Cayenne Hot Chile Peppers
Inventory, lb : 0
Cayenne Hot chile peppers are long and thin, averaging 10 to 15 centimeters in length, and have a straight to curved, conical shape that tapers into a thick, somewhat rounded point. The skin is smooth and waxy with shallow ridges and ripens from pale green, yellow, orange, to red when mature. Underneath the skin, the thin flesh is crisp, aqueous, and ranges in hues of pale green, orange, or red depending on maturity and variety. The flesh also encases a central cavity filled with thin ribs and many flat and round, cream-colored seeds. Cayenne Hot chile peppers are subtly sweet, earthy, and smoky followed with an immediate pungent, hot spice that dissipates quickly.
Cayenne Hot chile peppers are available in the summer.
Cayenne Hot chile peppers, botanically classified as Capsicum annuum, are thin, elongated pods that are members of the Solanaceae or nightshade family. Developed to be a much hotter variety of cayenne pepper, the name Cayenne Hot chile pepper is a general descriptor used for multiple varieties of peppers including the Charleston Hot pepper and Carolina cayenne. These peppers range from 70,000-125,000 SHU on the Scoville scale and widely vary in heat depending on the variety and climate the pepper is grown in. Cayenne Hot chile peppers were developed to maintain the signature, sweet and smoky cayenne flavor while intensifying the spice for use in hot sauces and salsas.
Cayenne Hot chile peppers are a good source of vitamins A, C, E and K, manganese, iron, copper, folate, and potassium. The peppers are also a source of capsaicin, which has anti-inflammatory properties and contains beta-carotene and the phytonutrient lutein-zeaxanthin, which provides antioxidant benefits.
Cayenne Hot chile peppers are best suited for both raw or cooked applications such as sautéing, baking, or roasting. The peppers can be used fresh in salsas, hot sauces, and marinades, or they can be sliced thinly onto salads, pizzas, or sandwiches. The peppers can also be preserved in oil or vinegar for extended use. In cooked applications, Cayenne Hot chile peppers can be mixed with other vegetables and meats in stir-fries, stirred into casseroles, sprinkled over tacos, roasted whole, or added to soups, stews, and curries. The peppers can also be dried and ground into flakes or powder for use as a spice on grilled meats, fish, chilis, and potatoes. Cayenne Hot chile peppers pair well with tomatoes, onions, garlic, ginger, cabbage, corn, avocado, broccoli, bell pepper, beans, and meats such as beef, pork, poultry, and seafood. Fresh peppers will keep 1-2 weeks when loosely stored in whole and unwashed in a paper or plastic bag in the refrigerator.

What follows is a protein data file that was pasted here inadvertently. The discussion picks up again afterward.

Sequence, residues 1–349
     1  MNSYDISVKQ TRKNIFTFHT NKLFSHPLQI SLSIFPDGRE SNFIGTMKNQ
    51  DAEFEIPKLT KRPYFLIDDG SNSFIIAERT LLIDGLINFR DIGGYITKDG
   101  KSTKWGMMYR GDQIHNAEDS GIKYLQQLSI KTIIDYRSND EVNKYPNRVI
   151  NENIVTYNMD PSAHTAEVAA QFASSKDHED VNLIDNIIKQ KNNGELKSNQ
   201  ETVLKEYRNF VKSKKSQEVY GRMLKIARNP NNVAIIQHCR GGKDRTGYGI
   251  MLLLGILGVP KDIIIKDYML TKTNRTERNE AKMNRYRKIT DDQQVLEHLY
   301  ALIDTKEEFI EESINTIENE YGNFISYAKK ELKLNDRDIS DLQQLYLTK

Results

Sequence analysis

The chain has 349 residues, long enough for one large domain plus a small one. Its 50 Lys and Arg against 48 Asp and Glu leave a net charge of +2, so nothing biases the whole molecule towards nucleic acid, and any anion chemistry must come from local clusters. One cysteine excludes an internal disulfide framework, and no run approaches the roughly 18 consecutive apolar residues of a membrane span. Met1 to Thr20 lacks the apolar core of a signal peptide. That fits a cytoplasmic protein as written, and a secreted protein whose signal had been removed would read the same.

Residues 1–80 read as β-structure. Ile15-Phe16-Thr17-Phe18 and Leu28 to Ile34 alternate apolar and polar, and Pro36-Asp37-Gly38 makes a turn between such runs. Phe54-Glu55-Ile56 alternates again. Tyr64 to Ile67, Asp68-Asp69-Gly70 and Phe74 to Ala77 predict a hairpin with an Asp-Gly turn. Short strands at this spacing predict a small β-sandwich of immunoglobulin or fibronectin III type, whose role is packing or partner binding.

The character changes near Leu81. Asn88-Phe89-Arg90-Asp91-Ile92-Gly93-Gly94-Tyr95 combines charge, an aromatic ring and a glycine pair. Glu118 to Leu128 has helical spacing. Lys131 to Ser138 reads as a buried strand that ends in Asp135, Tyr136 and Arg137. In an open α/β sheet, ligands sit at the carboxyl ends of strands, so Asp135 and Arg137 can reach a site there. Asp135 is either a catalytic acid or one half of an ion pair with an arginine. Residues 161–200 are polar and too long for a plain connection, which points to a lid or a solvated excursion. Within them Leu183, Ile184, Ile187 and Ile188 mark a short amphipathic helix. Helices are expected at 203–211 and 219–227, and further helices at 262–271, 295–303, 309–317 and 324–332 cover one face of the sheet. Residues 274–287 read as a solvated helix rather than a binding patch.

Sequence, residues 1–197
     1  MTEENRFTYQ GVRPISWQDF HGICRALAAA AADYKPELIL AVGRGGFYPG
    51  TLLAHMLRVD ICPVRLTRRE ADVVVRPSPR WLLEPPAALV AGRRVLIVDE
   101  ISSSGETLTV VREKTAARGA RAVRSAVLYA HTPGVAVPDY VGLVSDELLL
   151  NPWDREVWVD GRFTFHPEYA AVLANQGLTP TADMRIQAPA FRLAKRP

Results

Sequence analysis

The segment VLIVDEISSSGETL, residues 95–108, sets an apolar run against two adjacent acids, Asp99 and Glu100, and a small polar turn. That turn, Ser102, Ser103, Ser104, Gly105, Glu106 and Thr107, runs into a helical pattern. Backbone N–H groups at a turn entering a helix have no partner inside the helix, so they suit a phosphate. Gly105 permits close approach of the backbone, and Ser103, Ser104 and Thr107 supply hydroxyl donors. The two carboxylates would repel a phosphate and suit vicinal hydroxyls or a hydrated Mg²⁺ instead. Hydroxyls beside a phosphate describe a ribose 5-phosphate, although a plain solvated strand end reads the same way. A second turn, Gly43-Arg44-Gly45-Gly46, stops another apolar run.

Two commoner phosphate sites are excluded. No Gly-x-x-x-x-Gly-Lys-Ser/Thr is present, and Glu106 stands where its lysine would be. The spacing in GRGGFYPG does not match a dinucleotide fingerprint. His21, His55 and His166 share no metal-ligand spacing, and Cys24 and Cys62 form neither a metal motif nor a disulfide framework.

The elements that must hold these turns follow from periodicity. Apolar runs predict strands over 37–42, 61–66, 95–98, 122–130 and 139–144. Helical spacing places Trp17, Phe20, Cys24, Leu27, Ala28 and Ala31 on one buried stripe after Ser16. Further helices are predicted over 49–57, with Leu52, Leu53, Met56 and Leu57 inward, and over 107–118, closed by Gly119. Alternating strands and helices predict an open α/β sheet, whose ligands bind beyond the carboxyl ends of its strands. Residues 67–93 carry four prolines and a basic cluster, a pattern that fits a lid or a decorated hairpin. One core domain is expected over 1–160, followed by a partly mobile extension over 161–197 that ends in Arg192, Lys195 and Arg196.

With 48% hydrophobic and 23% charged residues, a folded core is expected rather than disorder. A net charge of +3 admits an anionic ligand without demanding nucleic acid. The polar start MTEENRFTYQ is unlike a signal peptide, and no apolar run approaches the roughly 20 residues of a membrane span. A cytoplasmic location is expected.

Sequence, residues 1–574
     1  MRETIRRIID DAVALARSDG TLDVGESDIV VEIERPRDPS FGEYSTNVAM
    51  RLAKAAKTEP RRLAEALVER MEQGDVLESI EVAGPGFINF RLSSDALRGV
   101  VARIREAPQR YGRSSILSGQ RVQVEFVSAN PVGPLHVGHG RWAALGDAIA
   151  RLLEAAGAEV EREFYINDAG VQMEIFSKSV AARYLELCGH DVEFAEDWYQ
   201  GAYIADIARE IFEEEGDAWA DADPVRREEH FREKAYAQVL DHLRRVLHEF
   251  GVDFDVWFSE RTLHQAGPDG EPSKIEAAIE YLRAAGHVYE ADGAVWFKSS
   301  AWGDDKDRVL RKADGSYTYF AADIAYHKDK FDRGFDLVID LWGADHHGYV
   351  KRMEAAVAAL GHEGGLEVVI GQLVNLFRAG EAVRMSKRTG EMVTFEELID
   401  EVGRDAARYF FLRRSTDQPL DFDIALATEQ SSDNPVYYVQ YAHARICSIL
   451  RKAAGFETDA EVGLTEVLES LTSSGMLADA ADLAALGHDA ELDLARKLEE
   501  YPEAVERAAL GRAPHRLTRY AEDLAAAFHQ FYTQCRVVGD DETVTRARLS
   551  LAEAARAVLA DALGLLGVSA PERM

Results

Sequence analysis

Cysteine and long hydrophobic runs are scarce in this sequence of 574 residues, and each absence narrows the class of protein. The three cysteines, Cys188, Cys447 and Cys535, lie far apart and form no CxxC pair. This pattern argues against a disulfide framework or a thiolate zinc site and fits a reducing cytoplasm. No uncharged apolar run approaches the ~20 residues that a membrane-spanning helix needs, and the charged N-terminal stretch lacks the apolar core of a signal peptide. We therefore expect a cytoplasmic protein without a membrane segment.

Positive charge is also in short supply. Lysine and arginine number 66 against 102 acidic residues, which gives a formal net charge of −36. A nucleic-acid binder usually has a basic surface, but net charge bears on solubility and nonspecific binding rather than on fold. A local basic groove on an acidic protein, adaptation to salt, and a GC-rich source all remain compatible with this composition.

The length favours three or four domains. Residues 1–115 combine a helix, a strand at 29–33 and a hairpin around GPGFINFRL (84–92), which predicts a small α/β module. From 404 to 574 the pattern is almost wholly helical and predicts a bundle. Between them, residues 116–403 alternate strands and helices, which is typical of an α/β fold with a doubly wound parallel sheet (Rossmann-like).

Cayenne Hot chile peppers were developed for an intense, spicy heat, but they were also bred to be resistant to root-knot nematode, which is a problematic pest that can destroy large crops of peppers. Through multiple years of research and development within the USDA in South Carolina, varieties such as the Carolina Cayenne and Charleston Hot chile peppers are being created to help commercial farming yield more peppers without compromising cultivation tactics. These peppers have been shown to also help prevent future root-knot nematode in fields and are planted as a rotation crop. The Charleston Hot was so popular when it was released that the USDA filled more than twenty-four thousand requests for seeds in the first four months.
Cayenne Hot chile peppers were developed by the United States Department of Agriculture, or USDA, in South Carolina and were originally bred for commercial farmers in efforts to create a root-knot nematode-resistant cayenne plant. The Carolina cayenne was developed in 1985, and the Charleston Hot was released at the beginning of 1993. Today Cayenne Hot chile peppers are found through small farms, local markets, and specialty grocers in the United States.
Recipes that include Cayenne Hot Chile Peppers. One is easiest, three is harder.
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